Smuggling, the sneaky underbelly of Cornwall’s piratical history that has been with us for centuries. Evidence of this notorious trade in Cornwall is everywhere; a simple walk on the beach will reveal the caves and manholes beaten into the cliffs that these daredevil men used to transport stolen goods from sea to land. In most coastal towns and villages, there are rumours of  hidden passageways and a corrupt officials.

Now, along with smuggling expert Jeremy Rowett Johns, myCornwall takes a look at Cornwall’s darker side and its most notable figures.




For the people of Cornwall, the idea of depriving the government of revenue extorted by high taxes was a legitimate activity, not to mention the increasing traffic flow of cheap alcohol made it a drunken one too.  To many, smuggling was a principal source of employment.



No account of smuggling in Cornwall would be complete without reference to the isolated haven of Polperro and Zephaniah Job, the notorious ‘smugglers’ banker’.  In the 1770s the smuggling trade changed from a cottage industry into a highly lucrative business on a scale unrivalled elsewhere.

Job arrived in Polperro with ambitions of being a schoolmaster but he ended up acting as bookkeeper, general correspondent and advisor for the illiterate smuggler fishermen.  Zephaniah conducted business for nearly 30 years, between 1788 and 1804, give some indication of the scale of the trade. The sums he collected amounted to nearly £100,000: on average, the Polperro smugglers paid Job a total of nearly £6,000 a year over a 20 year period.

Job died at the age of 73 in January 1822 with an estate valued at £7,766 and no will. Most of his ledgers and account books were destroyed by a fire shortly after his death, possibly to destroy any incrimination evidence.




Perhaps one of the most notorious Cornish smugglers, who have since inspired countless playwrights, books and folklore, were the Carters of Prussia Cove, who catapulted smuggling into the fantastical legend it is beheld in today.

Residing in their haven of Prussia Cove in Mounts Bay, the celebrated gang consisting of brothers John and Harry Carter, ruled this side of the coast from 1770 to 1807. It was John Carter who took on the role as the self-styled ‘King of Prussia’.




The Carter family had all the necessary credentials for exploiting the smuggling trade. Their home, Prussia Cove (originally Port Leah), was difficult to reach from the landward side, at least without being seen, but it offered convenient slipways for landing cargoes of goods. The Carter brothers were fine seamen and owners of two large vessels: a 19-gun cutter of 160 tons, and a 20-gun lugger, each with a crew of around 30 men and equipped with at least one smaller boat for close inshore work.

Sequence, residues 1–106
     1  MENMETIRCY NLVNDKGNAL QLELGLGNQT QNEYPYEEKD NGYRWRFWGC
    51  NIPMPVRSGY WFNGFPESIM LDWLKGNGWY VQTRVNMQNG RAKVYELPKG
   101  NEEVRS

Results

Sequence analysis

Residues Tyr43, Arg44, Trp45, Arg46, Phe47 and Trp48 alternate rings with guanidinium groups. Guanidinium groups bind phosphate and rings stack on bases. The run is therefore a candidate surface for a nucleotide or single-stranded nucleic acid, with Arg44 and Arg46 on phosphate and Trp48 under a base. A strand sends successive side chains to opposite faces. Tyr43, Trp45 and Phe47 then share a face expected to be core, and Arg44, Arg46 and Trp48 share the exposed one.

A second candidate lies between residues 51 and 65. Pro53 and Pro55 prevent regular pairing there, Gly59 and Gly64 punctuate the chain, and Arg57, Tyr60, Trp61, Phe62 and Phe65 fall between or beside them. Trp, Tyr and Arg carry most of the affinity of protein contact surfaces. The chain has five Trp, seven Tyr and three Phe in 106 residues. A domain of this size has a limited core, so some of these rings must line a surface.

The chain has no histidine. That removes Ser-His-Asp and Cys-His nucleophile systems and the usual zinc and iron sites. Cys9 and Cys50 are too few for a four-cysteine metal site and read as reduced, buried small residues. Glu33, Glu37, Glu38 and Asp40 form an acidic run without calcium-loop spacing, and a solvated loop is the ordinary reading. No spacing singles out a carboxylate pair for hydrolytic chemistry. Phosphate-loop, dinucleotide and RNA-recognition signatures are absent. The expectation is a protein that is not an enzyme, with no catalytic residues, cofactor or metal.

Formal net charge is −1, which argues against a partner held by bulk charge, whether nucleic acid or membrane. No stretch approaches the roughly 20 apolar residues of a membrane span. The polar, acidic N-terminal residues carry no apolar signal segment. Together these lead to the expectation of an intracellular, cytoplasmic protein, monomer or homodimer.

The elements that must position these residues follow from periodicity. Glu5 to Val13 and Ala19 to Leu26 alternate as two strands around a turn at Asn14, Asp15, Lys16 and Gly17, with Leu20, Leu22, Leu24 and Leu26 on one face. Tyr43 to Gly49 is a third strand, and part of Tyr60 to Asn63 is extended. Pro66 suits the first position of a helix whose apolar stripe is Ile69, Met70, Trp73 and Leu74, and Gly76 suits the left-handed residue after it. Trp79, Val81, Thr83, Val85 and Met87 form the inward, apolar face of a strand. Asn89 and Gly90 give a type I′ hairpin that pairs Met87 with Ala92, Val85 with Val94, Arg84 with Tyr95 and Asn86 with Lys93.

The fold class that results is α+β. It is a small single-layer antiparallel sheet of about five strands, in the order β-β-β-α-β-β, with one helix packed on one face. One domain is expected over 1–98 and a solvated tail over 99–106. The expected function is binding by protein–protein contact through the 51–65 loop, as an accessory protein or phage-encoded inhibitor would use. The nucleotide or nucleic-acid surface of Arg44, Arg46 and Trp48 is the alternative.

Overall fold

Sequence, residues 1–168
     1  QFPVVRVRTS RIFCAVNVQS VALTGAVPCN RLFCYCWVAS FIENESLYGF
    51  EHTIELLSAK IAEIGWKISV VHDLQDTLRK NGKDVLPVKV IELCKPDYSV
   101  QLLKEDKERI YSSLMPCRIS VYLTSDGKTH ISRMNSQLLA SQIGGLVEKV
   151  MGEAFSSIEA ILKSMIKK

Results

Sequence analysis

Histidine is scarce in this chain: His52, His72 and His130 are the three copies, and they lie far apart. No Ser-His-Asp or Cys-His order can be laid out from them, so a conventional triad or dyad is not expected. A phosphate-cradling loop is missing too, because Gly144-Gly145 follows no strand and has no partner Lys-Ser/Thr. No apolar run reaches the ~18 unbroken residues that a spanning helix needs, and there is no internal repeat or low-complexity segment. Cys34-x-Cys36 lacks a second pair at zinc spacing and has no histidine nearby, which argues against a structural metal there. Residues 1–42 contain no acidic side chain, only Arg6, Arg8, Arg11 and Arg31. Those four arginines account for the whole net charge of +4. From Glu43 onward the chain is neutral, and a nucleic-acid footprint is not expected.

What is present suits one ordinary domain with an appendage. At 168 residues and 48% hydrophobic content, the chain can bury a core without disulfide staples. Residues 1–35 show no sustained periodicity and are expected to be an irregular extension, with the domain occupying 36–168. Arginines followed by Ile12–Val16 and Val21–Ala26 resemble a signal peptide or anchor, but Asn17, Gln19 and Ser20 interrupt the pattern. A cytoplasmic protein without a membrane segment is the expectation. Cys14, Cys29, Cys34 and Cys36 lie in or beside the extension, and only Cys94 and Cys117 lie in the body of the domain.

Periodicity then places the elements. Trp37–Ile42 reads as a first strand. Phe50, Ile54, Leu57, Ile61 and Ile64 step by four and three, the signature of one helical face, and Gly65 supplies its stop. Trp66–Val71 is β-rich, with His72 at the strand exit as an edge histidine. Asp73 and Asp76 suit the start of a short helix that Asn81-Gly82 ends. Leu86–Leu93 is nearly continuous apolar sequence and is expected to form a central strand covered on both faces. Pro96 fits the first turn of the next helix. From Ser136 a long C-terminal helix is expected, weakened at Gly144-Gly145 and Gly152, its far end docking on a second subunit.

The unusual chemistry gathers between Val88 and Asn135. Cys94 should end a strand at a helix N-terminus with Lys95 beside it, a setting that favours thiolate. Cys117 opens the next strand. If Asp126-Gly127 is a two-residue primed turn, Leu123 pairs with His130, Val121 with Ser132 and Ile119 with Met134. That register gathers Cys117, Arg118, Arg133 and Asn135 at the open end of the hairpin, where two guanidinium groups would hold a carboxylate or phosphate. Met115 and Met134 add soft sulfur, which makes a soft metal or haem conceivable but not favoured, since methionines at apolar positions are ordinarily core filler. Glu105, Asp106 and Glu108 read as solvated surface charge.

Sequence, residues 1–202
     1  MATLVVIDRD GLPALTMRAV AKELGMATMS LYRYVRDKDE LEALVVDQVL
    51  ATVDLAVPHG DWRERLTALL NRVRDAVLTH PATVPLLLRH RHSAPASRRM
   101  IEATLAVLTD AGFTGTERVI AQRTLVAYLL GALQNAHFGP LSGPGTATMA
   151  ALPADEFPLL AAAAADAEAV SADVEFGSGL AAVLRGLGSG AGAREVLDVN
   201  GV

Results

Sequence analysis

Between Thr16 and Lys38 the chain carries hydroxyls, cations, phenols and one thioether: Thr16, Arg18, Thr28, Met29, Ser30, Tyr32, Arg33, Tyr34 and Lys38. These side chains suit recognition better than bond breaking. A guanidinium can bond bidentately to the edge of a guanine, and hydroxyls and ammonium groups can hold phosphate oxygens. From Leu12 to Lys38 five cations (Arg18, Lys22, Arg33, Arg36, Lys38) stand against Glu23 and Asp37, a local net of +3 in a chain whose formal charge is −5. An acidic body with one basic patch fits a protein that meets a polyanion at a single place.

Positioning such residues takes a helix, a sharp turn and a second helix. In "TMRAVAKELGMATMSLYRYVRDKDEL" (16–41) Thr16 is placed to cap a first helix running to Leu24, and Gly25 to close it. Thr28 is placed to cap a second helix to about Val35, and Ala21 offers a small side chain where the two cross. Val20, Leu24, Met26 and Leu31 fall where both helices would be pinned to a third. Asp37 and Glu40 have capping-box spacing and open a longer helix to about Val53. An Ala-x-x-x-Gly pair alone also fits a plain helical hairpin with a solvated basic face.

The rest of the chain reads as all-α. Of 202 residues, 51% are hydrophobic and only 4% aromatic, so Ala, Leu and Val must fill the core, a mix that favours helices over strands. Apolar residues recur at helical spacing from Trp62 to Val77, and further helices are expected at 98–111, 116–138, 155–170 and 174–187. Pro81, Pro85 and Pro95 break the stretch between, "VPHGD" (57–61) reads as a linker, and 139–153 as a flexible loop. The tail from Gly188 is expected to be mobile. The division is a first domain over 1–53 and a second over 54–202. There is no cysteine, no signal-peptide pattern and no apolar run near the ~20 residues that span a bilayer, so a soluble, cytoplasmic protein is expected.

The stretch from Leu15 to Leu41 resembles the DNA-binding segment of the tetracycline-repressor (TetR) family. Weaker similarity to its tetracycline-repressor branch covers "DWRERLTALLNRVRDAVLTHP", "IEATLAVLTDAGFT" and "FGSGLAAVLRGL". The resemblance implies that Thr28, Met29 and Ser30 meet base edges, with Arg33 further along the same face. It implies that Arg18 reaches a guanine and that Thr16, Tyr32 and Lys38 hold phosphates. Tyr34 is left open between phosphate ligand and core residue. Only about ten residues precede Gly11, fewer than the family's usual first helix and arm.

An uneasy truce appears to have existed between the Carters and the customs authorities at some times. Poorly paid and disliked by many, minor officials were unwilling to put their lives at risk apprehending smugglers, while others were more than happy to turn a blind eye in return for a bribe.

In 1803, the Carters’ property in Prussia Cove was offered for sale by auction, although some said this had been arranged to convince the authorities that the family were now ‘going straight’.  And in 1825, the building of a Coastguard Station at Prussia Cove put an end, once and for all, to the King of Prussia’s smuggling realm.




The legends and folklore surrounding Cruel Coppinger make it difficult to distinguish truth from fantasy. According to legend, Coppinger was an evil and bloodthirsty fellow originating from Denmark, consumed with a need for money and power. Shipwrecked on the Cornish shores, he was the sole survivor of his crew, who waded through the stormy waters to land and leapt up on the horse of a young woman, riding off with her to her house and installing himself there, uninvited. Eventually, Coppinger won over the favour of the young woman, Dinah Hamlyn, and married her.

Coppinger and his band of smugglers, wreckers and pirates, known as the Cruel gang, ravaged and ruled the secluded footpaths of Cornwall, beheading Revenue Officers to ward off officials and terrorizing the English Channel aboard their ship, the Black Prince, luring Revenue cutters into shallow waters and wrecking them.

Cruel’s fearsome reign came to an end when pressure from the Revenue Officers finally became too much. It is said that Coppinger disappeared on a ship into the night, carried away with the wind and never seen again.




In today’s twentieth century, the romantic allure of smuggling has long vanished with the past but the grit of it still remains in the underbelly of the UK’s drug gangs, who use many parts of the Cornish coast to try and smuggle in illegal drugs to dealers and distributors. This year a bust on a trawler in Falmouth containing what was believed to be £80million of cocaine shows that smuggling is still very much alive and ever as dangerous on these shores


SEA, SKY & SAILS – Beautiful Artwork by Donald MacLeod

The stunning images for this article were supplied by the maritime artist Donald MacLeod.  The St Ives artist specialises in historical paintings of famous ships and nautical battles, you can see more of his wonderful work in his gallery or alternatively contact him at:

01736 794665 or